California Public Health Department (CDPH) Director Dr. Sonia Angell stated they are actively monitoring COVID-19 across the state and are working closely with counties where there are increased rates and concerning patterns of transmission. “Closing bars in these counties is one of a number of targeted actions counties are implementing across our state to slow the virus’ spread and reduce risk,” she said in a written statement.
The CDPH guidance recommended that counties on the County Monitoring List close bars for three or more consecutive days, but less than 14 days, through local health officer order. Santa Barbara County, who has been on the monitoring list for 13 days, might be mandated to issue a health officer order to close bars given the rising case count locally.
The Santa Barbara County Public Health Department (PHD) is strongly considering options to address these concerns and is continuing to track local metrics while hoping to have further updates regarding the State’s recommendation in the coming days., according to a press release issued Sunday evening.
The actions defined in the guidance include the closure of brewpubs, breweries, bars, and pubs, unless they are offering sit-down, dine-in meals. Wineries and tasting rooms are not included in this recommendation.
According to CDPH, bars are social environments where groups of people mix. In these environments, alcohol consumption reduces inhibition and impairs judgment, leading to reduced compliance with recommended core personal protective measures, such as the mandatory use of face coverings and the practice of social and physical distancing. Bars are generally louder environments requiring raised voices leading to the greater projection of droplets. These factors present a higher likelihood of transmission of COVID-19 within groups, between groups, and among the workforce.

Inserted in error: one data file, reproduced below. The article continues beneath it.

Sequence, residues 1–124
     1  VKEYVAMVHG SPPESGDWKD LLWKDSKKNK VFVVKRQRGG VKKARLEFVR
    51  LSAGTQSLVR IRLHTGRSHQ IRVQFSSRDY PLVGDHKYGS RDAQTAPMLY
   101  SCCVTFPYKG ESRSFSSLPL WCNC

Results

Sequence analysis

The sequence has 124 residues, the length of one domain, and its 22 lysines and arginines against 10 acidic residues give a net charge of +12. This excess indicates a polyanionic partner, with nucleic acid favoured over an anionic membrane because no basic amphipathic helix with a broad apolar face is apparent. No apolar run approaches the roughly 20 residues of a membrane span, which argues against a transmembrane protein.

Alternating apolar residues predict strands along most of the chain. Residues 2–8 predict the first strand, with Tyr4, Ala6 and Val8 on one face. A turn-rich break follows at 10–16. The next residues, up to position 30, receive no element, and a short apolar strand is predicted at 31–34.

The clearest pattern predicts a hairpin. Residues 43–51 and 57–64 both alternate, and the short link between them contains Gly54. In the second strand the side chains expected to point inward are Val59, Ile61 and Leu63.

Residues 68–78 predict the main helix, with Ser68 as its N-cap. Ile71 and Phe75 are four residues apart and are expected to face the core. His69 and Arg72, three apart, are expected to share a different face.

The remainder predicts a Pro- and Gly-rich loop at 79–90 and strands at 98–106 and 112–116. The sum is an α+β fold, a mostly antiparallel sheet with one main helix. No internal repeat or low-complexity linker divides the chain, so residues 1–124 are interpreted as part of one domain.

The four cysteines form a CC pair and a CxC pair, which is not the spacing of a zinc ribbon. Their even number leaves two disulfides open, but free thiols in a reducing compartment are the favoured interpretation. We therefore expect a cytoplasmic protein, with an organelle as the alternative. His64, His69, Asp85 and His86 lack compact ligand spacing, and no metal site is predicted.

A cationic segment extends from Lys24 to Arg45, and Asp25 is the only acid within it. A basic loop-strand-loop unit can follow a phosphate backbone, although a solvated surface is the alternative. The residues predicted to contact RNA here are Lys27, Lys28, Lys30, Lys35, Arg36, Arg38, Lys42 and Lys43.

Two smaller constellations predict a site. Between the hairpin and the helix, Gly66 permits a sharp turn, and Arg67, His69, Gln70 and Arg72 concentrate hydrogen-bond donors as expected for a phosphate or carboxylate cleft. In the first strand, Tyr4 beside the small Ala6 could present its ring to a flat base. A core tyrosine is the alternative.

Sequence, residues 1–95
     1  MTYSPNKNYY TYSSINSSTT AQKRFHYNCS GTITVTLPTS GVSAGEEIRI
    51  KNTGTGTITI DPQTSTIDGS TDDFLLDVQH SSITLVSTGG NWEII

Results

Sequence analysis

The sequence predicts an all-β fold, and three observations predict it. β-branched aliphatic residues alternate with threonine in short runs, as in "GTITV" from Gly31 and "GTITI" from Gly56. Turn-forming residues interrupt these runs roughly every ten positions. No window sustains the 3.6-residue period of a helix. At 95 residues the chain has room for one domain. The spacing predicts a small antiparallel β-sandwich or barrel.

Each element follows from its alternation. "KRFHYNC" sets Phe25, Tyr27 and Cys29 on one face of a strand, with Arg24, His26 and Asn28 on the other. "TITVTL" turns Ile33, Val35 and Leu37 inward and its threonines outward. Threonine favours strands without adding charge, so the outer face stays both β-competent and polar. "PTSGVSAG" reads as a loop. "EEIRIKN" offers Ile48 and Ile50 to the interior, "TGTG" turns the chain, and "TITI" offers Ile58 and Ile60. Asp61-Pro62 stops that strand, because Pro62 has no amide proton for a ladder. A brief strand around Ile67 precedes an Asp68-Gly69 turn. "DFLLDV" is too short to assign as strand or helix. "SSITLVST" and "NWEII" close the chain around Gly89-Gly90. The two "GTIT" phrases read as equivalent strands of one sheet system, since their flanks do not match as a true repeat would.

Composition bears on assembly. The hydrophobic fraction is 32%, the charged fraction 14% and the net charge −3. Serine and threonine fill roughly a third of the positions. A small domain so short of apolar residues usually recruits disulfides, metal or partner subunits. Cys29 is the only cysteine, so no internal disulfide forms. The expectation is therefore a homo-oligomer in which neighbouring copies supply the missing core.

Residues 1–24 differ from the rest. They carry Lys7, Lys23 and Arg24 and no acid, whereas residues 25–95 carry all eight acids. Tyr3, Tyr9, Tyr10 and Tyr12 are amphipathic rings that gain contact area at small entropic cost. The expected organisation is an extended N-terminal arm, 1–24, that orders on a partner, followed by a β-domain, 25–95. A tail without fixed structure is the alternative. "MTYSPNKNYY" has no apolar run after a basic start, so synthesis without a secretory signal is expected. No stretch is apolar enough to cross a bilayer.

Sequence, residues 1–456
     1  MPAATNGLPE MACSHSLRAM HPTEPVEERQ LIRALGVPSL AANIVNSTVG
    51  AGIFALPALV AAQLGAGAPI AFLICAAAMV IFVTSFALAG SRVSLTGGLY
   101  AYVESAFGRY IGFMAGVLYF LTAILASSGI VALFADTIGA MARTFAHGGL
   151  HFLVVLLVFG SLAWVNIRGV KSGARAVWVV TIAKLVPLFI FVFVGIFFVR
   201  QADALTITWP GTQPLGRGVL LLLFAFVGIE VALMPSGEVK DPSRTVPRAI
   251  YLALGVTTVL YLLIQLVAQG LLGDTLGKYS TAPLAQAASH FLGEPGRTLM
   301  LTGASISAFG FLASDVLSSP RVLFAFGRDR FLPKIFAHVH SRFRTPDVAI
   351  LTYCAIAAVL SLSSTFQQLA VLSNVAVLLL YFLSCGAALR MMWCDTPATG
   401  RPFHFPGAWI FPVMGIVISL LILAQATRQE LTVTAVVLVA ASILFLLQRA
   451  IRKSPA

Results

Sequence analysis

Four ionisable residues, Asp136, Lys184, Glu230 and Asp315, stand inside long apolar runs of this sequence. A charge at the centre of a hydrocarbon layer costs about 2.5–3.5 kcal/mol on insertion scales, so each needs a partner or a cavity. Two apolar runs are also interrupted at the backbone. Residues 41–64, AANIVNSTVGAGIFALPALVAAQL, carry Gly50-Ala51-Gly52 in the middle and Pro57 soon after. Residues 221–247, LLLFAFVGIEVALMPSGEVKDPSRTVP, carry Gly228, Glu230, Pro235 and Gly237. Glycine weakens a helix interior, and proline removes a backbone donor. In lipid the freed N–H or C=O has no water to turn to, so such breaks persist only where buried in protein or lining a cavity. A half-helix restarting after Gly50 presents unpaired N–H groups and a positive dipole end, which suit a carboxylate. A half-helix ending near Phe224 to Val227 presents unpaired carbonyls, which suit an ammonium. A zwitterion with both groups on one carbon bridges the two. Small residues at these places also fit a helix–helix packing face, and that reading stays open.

“I implore all community members to adhere to strict physical distancing at all times and avoid gatherings. Until there is a vaccine, the use of face coverings in conjunction with physical distancing is the most effective way to stop the spread of this virus,” said Dr. Henning Ansorg, Health Officer for Santa Barbara County. “The State’s recommendation comes at a critical time. There is still an opportunity to make a difference in the course of this pandemic, but we must all recommit to this effort.”
On Friday, Santa Barbara County Public Health reported 81 new COVID-19 positive cases bringing the grand total to 2,712 with 54 recovering and 20 of those in the intensive care unit. However, health officials stated some percentages of cases are decreasing and hospitals are equipped to handle a potential increase of patients.
This past Friday also marked the local health officer's approval to reopen previously closed personal service businesses including nail salons and tattoo parlors.
CDPH released a new website forecasting a series of metrics for all counties. The CalCat tool forecasts that Santa Barbara County will have a total of 309 COVID-19 related deaths and 154 daily hospitalizations by the end of July. The county is currently recording 28 deaths and 53 daily hospitalizations.
[This article has been updated with information from the Santa Barbara County Health Department]